If you've been following me for a while then you might remember the post where I introduced our damsel in distress. The cabinet was a bit banged up and defenatly not ready for the ball. With the wood being less than desirable and the machine itself not having any sort of name brand I figured it wasn't worth much and I could do whatever I wanted to it.
What I wanted was to paint it. So I took everything apart and sanded all the old finish off.
After sanding everything down, I used my new favorite tool and sprayed 2 coats of primer over everything.
Then I decided that I wanted to add a little secret pop of color. I chose yellow and figured that I could get away with just using a little $3 test pot. It was plenty to paint the insides of all the drawers.
Before I gave everything it's final coats of paint I masked off the insides to protect the bright yellow paint I had just applied. For the main color I chose to go with the darker grey in our dining room, Silver Dollar from Olympic in a high gloss finish.
After I reassembled the cabinet I took it for a test drive. Not so good, it was very clunky and I couldn't get the machine into any sort of rhythm. It seemed as if something was sticking inside the machine. So I did what any sane girl who knows nothing about antique sewing machines would do, I googled it! I found out that my machine is a Vibrating Shuttle machine, which seems to refer to the bobbin system. It looks nothing like modern bobbins at all. This website gives some great information about how everything works and some tips on maintenance (here's another helpful website). From there I attacked my machine with some WD-40 and sewing machine oil. I even replaced the little piece of felt that is supposed to keep the bobbin oiled. It wasn't too difficult, I just took a little strip of felt, rolled it up, and stuck it in the little oil well. I did have to make a few adjustments with the scissors so it would fit, but the process took maybe 2 minutes.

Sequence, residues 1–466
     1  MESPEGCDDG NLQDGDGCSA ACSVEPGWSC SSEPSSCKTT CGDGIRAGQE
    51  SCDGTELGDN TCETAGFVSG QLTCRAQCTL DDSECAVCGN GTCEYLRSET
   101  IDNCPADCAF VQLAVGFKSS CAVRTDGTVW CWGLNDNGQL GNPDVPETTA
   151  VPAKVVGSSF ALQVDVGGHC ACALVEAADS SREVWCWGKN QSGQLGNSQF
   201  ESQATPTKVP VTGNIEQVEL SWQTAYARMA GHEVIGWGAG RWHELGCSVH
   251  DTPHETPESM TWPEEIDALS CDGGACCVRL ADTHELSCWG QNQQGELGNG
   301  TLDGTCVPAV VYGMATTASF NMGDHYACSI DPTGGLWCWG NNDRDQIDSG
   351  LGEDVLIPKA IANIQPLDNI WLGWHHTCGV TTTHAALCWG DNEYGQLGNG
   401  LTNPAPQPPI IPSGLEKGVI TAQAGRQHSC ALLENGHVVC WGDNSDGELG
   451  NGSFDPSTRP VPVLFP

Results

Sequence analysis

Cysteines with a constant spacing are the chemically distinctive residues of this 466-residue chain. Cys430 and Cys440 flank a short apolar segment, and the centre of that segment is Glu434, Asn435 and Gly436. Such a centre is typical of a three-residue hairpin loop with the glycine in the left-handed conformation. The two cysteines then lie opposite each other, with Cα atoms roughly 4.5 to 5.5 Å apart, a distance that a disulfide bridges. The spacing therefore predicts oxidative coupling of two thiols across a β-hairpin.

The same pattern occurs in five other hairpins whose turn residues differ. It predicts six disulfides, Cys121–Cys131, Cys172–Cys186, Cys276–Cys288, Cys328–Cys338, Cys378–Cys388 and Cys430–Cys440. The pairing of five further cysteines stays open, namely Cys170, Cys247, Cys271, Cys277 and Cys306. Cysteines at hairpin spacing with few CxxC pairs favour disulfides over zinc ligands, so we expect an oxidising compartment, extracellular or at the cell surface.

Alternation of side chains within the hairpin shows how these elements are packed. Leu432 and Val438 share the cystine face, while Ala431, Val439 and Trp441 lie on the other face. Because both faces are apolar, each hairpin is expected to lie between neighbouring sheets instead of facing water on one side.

This area on the side was probably the dirtiest of all. It was mostly covered in some furry dust, but some of the moving parts had a thick grimy deposit on it. I'm pretty sure this is where the problem was, and once it was clean and oiled things moved much more smoothly.
Now here she is all prettied up! Oh, and just ignore the fact that I still need 4 more nobs. I got the first 2 at Anthropologie and they be expensive. Like $8 expensive. I'll get them eventually, I just want to be able to pretend I'm not spending $60 on nobs.
Here is the bobbin winding mechanism. You just pop the bobbin in there and push the whole thing back so it catches on the leather cord and it winds itself up. That little stick thing moves the thread up and down the length of the bobbin so your thread winds evenly.
Look, it even still has the key so I can lock secret stuff inside! (Like the recipt for those knobs.)
So, have you ever used an old sewing machine like this? Do you like to trick yourself (or maybe your significant other) into not realizing how much you're spending on something as frivolous as hardware? Do old things like this fascinate you?
P.S. Just so you know, Matt is fully aware of how much I'm spending on nobs. Besides, I wouldn't blab that kind of secret here if he didn't. :)